Finally, chapter 6 provides updated guidance on general provisions about award and procedures. Within this, there is a new provision to publish procurement termination notices, if a contracting authority decides not to award a contract though there is no obligation to give reasons in the notice (Regulation 53). In addition under Regulations 54, 55 and 56, excluded suppliers have scope to avoid being an excluded or excludable supplier where the circumstances that gave rise to the application of the exclusion ground are unlikely to occur again (unless they are on the debarment list). There is a long list of factors the contacting authority will have regard to in considering this and so there is plenty of scope for the supplier to prove it should not be an excluded or excludable supplier. It is a generous provision as it also affords the supplier an opportunity to make representations.
Management of public contracts
The general theme of the changes to this Part, are to reflect the requirement for greater transparency in public procurement. The regulations set out requirements to publish various notices throughout the process, some of which are new to the procurement process, and should be considered in detail by contracting authorities and private sector suppliers on a case-by case basis. Regulation 64 is worth a special mention, as it requires the contracting authority to publish a payments compliance notice containing ‘specified information’ about the contracting authority’s compliance with a 30 day term of payment. The ‘specified information’ is to be set out in regulations that are yet to be published.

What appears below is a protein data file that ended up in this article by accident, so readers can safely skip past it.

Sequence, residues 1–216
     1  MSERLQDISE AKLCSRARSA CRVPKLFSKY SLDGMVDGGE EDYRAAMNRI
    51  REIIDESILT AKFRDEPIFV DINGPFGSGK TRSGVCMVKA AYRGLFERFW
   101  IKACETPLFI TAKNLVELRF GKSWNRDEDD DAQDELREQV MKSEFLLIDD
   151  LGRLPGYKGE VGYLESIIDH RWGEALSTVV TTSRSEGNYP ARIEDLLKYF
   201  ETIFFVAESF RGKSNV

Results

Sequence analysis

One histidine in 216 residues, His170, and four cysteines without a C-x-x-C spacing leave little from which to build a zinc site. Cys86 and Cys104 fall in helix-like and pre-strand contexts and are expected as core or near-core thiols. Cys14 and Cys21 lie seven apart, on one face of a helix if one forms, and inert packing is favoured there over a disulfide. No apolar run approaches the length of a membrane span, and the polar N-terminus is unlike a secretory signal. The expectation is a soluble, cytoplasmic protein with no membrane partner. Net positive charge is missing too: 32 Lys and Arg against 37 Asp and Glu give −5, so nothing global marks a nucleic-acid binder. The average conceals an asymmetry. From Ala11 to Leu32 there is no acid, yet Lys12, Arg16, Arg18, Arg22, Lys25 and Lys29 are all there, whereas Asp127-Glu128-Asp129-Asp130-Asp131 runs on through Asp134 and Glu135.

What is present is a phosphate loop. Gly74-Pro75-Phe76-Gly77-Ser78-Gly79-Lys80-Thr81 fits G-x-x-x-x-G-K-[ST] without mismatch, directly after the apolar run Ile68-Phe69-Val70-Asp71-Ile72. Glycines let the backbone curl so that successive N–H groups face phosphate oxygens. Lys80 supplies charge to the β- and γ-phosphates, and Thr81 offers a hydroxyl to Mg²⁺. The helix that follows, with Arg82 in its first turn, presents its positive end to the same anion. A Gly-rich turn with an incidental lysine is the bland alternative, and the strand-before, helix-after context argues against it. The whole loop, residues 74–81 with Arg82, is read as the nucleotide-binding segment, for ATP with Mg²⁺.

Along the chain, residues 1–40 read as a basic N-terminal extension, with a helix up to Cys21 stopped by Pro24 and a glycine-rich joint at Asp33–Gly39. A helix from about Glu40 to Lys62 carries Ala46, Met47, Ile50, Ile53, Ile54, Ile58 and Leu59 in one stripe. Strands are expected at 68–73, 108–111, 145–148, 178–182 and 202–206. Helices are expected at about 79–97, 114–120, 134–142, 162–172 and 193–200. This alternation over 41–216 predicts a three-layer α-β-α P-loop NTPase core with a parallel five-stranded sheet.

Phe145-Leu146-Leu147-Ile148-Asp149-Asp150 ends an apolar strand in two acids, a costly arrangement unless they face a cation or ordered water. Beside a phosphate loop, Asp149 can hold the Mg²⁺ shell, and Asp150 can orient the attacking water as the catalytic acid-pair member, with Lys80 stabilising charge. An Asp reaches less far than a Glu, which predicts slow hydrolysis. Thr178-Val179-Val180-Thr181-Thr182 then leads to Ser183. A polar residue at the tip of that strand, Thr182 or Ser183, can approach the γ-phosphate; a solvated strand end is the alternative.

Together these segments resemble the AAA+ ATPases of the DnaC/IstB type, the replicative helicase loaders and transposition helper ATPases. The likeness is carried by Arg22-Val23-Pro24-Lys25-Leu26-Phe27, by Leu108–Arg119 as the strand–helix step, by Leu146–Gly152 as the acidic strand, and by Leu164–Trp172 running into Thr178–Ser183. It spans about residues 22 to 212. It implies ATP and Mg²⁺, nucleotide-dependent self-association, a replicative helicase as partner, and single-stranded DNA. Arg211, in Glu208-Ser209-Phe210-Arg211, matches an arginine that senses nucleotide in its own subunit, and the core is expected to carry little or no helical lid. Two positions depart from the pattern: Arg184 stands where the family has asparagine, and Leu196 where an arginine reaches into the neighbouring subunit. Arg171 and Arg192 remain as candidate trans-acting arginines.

In addition Regulations 69 – 71 set out the scope, process, notice requirements and voluntary standstill period on the modification of contracts. These detailed provisions require close reading should the need for modifications arise.
Conflicts of interest
The conflicts of interest provisions are relatively concise and can be summarised as imposing a duty on contracting authorities to take all reasonable steps to identify and keep under review, actual or potential conflicts of interest (Regulation 74). There is also a conflicts assessment process to be followed throughout the procurement procedure and a duty to take all reasonable steps to ensure that a conflict of interest does not put a supplier at an unfair advantage or disadvantage.
Regulations 77 – 80 set out the procedure, notice requirements and implied payment terms which apply specifically in relation to below-threshold contracts. A notifiable below-threshold contract is defined as a contract awarded by a central government body with an estimated value of at least £12,000 or otherwise not less than £30,000.
Implementation of international obligations
Schedule 9 lists 24 defined treaty state suppliers (specified international agreements) with the UK. As you would expect, there is a clear requirement for contracting authorities not to discriminate against treaty state suppliers by treating them less favourably than it would treat the UK.